A Mosque You Can't Believe In
Republicans don't oppose the Islamic community center near ground zero so much as they oppose Obama's support of it.
"I don't think that this type of pandering improves our image with anyone," said Ilario Pantano, a congressional candidate in North Carolina who worked in the now-destroyed World Trade Center 4 before joining the Marine Corps. "It suggests that we're exactly what the radical fringe believes we are, too soft and lethargic to actually defend ourselves. I'm not talking about all Muslims. I'm talking about radicals, and I think it's clear that this would be a victory for them. I mean, are we going to put up a martyr marker every time one of these terrorists blow themselves up?"
According to Pantano, the Bush administration's softer approach to Islam—the president's repeated insistence that Islam is a "religion of peace"—made perfect sense. The problem, he said, was that it lulled Americans into a "false sense of security" and failed to inform them that the goal of radical Islam was not just terrorism, but the imposition of Sharia law. Retired Lt. Col. Allen West, who is making a well-funded run for Congress in Florida, seconded Pantano.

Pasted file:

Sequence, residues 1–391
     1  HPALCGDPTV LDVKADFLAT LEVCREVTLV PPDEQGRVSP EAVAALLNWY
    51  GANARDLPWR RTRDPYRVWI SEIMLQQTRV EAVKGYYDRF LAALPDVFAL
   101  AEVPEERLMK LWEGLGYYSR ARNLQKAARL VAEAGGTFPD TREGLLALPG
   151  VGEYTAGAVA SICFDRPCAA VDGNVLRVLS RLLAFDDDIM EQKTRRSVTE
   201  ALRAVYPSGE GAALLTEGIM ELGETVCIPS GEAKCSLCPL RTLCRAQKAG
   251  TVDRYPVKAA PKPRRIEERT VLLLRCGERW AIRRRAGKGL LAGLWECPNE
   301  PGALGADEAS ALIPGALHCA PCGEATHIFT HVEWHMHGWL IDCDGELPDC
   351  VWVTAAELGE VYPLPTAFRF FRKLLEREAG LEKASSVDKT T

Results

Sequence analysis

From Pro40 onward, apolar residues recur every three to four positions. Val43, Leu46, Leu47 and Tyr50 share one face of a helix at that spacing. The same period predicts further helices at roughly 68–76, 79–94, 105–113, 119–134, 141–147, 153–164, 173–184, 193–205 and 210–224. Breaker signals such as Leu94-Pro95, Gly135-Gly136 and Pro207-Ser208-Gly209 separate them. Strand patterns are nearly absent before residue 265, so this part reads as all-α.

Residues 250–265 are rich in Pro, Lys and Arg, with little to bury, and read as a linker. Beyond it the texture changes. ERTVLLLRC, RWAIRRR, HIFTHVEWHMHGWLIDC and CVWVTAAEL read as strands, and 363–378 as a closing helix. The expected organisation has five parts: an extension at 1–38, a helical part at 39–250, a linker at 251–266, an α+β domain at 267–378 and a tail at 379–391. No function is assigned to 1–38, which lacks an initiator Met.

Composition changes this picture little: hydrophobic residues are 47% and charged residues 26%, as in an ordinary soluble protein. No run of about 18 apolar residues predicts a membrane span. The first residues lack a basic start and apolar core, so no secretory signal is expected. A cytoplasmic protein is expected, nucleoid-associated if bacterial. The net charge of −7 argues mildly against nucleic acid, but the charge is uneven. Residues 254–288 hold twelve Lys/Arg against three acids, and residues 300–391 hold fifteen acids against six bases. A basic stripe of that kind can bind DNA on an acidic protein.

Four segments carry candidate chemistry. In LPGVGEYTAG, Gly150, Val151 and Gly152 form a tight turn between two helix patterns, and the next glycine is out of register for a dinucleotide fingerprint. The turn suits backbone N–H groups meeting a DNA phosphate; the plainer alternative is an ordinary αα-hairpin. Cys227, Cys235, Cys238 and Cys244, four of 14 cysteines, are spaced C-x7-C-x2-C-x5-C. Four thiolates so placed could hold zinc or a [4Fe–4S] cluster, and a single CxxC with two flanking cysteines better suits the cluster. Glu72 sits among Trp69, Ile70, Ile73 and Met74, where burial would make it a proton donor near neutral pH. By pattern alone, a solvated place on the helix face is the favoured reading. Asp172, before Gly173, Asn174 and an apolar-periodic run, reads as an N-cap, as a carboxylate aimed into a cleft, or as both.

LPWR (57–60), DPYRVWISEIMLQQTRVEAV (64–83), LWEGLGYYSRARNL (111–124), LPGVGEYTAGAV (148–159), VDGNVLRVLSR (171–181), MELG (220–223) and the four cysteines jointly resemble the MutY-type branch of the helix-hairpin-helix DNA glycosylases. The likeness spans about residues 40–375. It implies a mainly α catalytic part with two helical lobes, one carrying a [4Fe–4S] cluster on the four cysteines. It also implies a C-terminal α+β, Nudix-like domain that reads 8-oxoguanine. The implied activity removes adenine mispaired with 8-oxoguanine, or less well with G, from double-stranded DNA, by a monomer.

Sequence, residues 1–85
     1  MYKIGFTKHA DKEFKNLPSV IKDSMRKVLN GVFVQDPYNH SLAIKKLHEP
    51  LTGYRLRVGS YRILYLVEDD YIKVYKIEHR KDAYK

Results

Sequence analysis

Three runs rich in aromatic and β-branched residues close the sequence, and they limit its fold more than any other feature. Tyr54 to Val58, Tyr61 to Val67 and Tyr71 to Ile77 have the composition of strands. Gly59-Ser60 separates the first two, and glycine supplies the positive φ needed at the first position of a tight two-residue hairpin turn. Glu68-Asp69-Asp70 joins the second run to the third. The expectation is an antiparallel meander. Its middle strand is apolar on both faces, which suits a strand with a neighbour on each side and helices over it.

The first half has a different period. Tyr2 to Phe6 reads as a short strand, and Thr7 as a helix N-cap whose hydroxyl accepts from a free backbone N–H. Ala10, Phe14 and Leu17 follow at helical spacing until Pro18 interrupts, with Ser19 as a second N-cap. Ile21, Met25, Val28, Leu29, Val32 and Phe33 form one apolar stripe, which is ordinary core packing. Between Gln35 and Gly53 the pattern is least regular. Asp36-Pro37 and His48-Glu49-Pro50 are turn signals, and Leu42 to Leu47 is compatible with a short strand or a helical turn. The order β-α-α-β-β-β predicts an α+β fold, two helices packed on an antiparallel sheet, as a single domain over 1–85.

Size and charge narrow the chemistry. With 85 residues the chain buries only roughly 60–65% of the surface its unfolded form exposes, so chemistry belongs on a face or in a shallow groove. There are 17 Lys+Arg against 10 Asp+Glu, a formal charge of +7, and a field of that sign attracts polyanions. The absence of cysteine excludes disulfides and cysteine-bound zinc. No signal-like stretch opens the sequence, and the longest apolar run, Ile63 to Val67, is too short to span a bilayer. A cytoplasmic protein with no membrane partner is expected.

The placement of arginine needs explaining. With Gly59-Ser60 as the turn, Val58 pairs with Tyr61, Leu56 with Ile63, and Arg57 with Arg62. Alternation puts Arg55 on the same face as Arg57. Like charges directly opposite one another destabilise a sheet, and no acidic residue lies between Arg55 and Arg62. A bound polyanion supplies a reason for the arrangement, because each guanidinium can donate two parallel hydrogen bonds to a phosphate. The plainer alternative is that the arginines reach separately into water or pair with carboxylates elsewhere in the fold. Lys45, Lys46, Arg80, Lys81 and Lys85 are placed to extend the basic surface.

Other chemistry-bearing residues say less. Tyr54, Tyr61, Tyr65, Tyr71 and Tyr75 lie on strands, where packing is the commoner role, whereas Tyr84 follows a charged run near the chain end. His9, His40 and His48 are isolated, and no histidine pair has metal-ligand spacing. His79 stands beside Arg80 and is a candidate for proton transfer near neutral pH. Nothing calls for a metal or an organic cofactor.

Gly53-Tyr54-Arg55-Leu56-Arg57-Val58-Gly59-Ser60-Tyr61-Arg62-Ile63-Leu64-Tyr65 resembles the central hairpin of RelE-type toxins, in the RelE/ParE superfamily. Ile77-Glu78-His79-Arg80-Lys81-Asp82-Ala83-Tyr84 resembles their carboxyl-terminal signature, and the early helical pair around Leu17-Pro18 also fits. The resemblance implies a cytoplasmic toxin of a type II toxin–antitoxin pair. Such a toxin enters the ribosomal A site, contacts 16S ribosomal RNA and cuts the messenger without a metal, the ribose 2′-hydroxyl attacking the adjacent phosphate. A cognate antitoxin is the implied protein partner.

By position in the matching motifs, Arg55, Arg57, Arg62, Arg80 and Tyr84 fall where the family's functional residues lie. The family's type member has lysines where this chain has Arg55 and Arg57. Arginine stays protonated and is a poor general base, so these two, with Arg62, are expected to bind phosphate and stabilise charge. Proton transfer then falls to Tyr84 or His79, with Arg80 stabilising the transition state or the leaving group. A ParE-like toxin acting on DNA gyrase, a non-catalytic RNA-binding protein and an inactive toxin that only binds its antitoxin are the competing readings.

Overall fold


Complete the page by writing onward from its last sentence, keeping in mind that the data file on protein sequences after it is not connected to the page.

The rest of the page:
"When Bush made that statement, he was inaccurate," said West. "It showed he had not yet done a good and proper study of the issue, and the next thing you knew his statement was being twisted. I think you've got to have a better understanding of the culture and mentality of radical Islam than that. Tolerance is fine. When tolerance is a one-way street, it leads to cultural suicide."
The sudden, news-cycle-devouring omnipresence of the "ground zero mosque" isn't necessarily bad news for Democrats. Americans for Tax Reform President Grover Norquist argued that it had created, out of thin air, a way for embattled Democrats to distract voters from their economic record and create a new, flashy difference between them and President Obama. (It's exactly what Sen. Harry Reid tried on Monday.)
But the mosque furor is devastating for the people who worry about how the Muslim world interprets the news coming out of the United States. It was hard enough before, Glassman says—the majority of world Muslims are willing to believe the worst about how Americans view their faith. When America responded to the 2004 tsunami in devastated parts of Indonesia, one popular conspiracy theory suggested that America was on a mission of conquest.
"The most powerful narrative that the United States has to fight, among Muslims, is this idea that we're out to destroy Islam and replace it with Christianity," Glassman says. "When you view the world through a particular prism, it doesn't take much for an event to play into your narrative. Any incident will do."
David Weigel is a Slate political reporter. You can reach him at firstname.lastname@example.org, or tweet at him @daveweigel.
Photograph of Newt Gingrich by Chip Somodevilla/Getty Images.